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A federal appeals court struck a major blow against the Consumer Financial Protection Bureau with a finding that its funding mechanism is unconstitutional.
The decision is likely to be challenged, setting up a major fight for the future of the top U.S. consumer-finance watchdog. That battle could introduce significant uncertainty for the many fintech businesses that fall under the agency’s purview.
A three-judge panel of the New Orleans-based 5th Circuit Court of Appeals found Wednesday that the CFPB’s funding structure violated the Constitution’s separation of powers doctrine.
As set up under the 2010 Dodd-Frank Act, the CFPB is funded by the Federal Reserve rather than congressional appropriations. That way, in the Obama administration’s view, the agency could avoid political influence and be funded similarly to other banking regulators. But Republicans have chafed at what they view as anti-business practices and a lack of oversight.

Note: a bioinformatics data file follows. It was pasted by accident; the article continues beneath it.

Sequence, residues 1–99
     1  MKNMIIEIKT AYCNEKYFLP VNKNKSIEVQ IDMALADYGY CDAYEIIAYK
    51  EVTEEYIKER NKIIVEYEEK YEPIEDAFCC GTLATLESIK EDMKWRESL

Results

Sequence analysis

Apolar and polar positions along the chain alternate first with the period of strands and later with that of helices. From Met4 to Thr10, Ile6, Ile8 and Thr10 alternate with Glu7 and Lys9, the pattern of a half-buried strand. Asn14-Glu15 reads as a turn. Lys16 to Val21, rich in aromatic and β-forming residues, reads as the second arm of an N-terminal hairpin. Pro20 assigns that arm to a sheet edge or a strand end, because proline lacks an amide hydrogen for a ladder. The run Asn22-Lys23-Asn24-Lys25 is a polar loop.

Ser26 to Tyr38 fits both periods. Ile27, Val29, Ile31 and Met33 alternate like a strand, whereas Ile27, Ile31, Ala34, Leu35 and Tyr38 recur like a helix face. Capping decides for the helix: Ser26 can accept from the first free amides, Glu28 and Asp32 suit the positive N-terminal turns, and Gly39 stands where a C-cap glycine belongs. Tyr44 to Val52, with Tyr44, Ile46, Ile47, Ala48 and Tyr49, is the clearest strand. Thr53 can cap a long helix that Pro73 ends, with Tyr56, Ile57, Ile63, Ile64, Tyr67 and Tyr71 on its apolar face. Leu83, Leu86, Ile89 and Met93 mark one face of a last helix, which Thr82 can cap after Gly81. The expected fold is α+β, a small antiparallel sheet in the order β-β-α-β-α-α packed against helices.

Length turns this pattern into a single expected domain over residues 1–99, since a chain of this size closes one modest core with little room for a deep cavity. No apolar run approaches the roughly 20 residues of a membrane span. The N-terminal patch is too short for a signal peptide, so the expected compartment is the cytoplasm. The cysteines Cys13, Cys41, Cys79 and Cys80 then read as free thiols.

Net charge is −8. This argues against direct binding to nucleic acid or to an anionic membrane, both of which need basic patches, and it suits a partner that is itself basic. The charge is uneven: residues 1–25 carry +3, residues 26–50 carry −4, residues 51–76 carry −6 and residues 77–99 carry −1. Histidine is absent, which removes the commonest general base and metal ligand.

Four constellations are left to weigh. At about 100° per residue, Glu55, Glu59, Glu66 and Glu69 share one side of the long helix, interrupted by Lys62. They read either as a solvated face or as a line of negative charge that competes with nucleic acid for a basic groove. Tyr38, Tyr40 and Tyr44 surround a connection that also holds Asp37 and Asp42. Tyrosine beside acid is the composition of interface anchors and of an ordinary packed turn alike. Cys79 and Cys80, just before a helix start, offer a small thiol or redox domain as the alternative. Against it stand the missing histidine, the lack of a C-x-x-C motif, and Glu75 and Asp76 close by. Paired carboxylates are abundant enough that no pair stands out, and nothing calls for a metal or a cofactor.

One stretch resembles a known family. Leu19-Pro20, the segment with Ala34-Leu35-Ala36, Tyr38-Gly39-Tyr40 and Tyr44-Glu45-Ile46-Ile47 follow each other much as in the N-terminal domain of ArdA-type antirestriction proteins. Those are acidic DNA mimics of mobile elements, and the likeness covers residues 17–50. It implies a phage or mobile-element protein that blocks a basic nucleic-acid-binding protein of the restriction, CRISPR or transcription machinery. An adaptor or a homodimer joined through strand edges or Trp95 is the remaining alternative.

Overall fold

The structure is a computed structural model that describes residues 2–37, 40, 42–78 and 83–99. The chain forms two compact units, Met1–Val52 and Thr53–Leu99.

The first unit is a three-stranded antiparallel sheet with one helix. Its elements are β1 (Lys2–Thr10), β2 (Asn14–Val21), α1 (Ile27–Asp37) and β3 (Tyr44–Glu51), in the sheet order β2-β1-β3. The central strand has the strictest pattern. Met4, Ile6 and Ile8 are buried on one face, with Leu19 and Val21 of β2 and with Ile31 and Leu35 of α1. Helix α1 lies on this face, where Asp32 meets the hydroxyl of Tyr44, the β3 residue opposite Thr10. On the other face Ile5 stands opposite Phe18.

The structure has been the target of legal challenges before. In this decision, the court ruled in favor of a lawsuit from two trade groups seeking to overturn the CFPB’s 2017 payday lending rule. Because the CFPB’s funding is unconstitutional, the decision said, the rule itself is invalid.
Other courts have found the CFPB’s funding to be constitutional, a point the Wednesday ruling acknowledged. But the panel of Trump-appointed judges said the CFPB’s setup is different from other self-funded agencies.
"Congress did not merely cede direct control over the Bureau’s budget by insulating it from annual or other time-limited appropriations," the panel wrote. "It also ceded indirect control by providing that the Bureau’s self-determined funding be drawn from a source that is itself outside the appropriations process — a double insulation from Congress’s purse strings that is 'unprecedented' across the government."